Eastern Forest Threat Center - Leafy Spurge

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Leafy spurge

Leafy spurge

William Ciesla, Forest Health Management International, Bugwood.org

Leafy Spurge
Euphorbia esula

Leafy spurge is native to the Caucasus region of western Asia. It is believed to have entered North America as a seed impurity in 1827.

Keywords: Euphorbiaceae, perennial, herb, sticky sap, yellow flower bracts, explosive seed capsules, woody root network, plant toxins; Common names: wolf's milk

Distribution Map Distribution Source Image

Threat Description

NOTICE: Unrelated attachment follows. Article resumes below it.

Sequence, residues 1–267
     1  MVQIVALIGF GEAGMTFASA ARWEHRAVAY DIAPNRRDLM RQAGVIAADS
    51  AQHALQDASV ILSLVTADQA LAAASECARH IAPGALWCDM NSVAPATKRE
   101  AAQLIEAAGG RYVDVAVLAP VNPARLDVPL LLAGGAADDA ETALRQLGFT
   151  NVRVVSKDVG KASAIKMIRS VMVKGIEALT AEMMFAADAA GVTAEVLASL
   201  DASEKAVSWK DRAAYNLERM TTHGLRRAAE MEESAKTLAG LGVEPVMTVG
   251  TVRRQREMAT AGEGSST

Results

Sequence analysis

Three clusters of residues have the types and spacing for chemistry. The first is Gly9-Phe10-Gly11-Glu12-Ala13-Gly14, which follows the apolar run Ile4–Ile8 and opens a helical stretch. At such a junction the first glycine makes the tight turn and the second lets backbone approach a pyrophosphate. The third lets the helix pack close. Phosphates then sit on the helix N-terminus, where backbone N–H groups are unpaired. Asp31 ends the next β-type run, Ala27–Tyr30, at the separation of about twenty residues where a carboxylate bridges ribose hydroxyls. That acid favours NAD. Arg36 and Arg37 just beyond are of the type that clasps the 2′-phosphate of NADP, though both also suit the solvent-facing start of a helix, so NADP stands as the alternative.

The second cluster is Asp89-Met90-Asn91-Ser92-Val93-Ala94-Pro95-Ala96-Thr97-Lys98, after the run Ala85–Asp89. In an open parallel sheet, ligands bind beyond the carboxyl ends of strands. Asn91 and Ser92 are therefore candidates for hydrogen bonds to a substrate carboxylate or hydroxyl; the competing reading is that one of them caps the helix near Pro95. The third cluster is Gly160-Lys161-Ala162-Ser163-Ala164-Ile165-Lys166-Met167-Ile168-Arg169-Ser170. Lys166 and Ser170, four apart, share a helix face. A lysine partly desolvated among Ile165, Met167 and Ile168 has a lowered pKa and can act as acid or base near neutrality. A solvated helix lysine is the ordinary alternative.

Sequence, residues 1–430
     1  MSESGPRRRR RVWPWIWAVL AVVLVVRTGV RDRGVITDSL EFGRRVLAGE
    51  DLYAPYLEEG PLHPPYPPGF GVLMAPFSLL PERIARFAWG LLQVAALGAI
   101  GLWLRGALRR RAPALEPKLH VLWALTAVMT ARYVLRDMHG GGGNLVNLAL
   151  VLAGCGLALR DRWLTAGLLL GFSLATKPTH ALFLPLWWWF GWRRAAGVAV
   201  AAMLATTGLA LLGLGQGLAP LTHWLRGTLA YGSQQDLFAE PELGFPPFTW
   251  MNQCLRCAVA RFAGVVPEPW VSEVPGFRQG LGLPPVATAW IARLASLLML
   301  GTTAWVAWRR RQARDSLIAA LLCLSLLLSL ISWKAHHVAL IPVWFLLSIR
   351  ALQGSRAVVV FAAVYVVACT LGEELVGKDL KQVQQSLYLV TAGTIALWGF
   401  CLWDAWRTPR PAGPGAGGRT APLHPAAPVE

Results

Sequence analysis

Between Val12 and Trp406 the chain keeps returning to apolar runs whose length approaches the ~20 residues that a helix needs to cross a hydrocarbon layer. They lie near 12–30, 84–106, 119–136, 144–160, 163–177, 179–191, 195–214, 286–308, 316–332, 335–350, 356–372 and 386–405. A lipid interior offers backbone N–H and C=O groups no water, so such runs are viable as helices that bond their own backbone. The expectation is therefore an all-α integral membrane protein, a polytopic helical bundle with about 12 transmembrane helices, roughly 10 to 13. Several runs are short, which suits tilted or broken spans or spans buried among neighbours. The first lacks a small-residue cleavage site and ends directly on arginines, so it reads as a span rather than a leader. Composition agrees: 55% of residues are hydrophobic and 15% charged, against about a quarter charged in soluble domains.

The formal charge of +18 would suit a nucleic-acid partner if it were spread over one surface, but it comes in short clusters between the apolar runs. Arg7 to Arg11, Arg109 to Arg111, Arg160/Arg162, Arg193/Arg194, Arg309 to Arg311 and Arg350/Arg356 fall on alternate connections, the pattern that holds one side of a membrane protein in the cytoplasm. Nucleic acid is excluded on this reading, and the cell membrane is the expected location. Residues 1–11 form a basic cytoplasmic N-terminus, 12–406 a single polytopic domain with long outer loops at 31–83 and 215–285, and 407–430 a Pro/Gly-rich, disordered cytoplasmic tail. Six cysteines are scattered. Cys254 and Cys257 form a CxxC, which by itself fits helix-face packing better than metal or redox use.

Leafy spurge is an erect, branching, perennial herb growing 2 to 3½ ft. tall. Its smooth stems frequently occur in clusters from a vertical root. Milky white, sticky sap seeps from the plant when cut. Leaves are small and oval to lance-shaped. Small flowers are borne in greenish yellow structures surrounded by yellow bracts. Gray-brown oblong seeds are produced in three-celled capsules that open explosively, dispersing seeds up to 15 ft. from the parent plant that may be carried farther by water and wildlife. Its complex root system forms tough woody networks that can reach 15 or more ft. into the ground. Leafy spurge can spread vegetatively at a rate of several feet per year. It tolerates moist to dry soil conditions, but is most aggressive under dry conditions where competition from native plants is reduced. It is capable of invading disturbed sites, including prairies, savannas, pastures, abandoned fields, and roadside areas. It displaces native vegetation by shading, usurping available water and nutrients, and through plant toxins that prevent the growth of other plants underneath it. Leafy spurge is an aggressive invader that can completely overtake large areas of open land.